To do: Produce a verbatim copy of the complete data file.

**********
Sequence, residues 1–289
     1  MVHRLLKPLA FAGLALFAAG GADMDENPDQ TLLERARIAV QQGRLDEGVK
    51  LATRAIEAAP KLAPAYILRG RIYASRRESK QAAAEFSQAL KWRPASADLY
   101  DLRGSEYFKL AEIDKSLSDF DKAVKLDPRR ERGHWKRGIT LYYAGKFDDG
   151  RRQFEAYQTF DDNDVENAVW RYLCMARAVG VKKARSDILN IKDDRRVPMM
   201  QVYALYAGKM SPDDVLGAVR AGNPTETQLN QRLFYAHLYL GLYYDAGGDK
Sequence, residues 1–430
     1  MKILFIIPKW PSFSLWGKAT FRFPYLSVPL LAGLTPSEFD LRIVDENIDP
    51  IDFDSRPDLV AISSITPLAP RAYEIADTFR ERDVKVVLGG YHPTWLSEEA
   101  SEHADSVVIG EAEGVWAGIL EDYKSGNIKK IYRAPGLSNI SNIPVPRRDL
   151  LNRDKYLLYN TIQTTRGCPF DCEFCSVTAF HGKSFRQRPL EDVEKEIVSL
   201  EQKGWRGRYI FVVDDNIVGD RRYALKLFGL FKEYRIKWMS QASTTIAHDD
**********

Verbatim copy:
Sequence, residues 1–289
     1  MVHRLLKPLA FAGLALFAAG GADMDENPDQ TLLERARIAV QQGRLDEGVK
    51  LATRAIEAAP KLAPAYILRG RIYASRRESK QAAAEFSQAL KWRPASADLY
   101  DLRGSEYFKL AEIDKSLSDF DKAVKLDPRR ERGHWKRGIT LYYAGKFDDG
   151  RRQFEAYQTF DDNDVENAVW RYLCMARAVG VKKARSDILN IKDDRRVPMM
   201  QVYALYAGKM SPDDVLGAVR AGNPTETQLN QRLFYAHLYL GLYYDAGGDK
Sequence, residues 1–430
     1  MKILFIIPKW PSFSLWGKAT FRFPYLSVPL LAGLTPSEFD LRIVDENIDP
    51  IDFDSRPDLV AISSITPLAP RAYEIADTFR ERDVKVVLGG YHPTWLSEEA
   101  SEHADSVVIG EAEGVWAGIL EDYKSGNIKK IYRAPGLSNI SNIPVPRRDL
   151  LNRDKYLLYN TIQTTRGCPF DCEFCSVTAF HGKSFRQRPL EDVEKEIVSL
   201  EQKGWRGRYI FVVDDNIVGD RRYALKLFGL FKEYRIKWMS QASTTIAHDD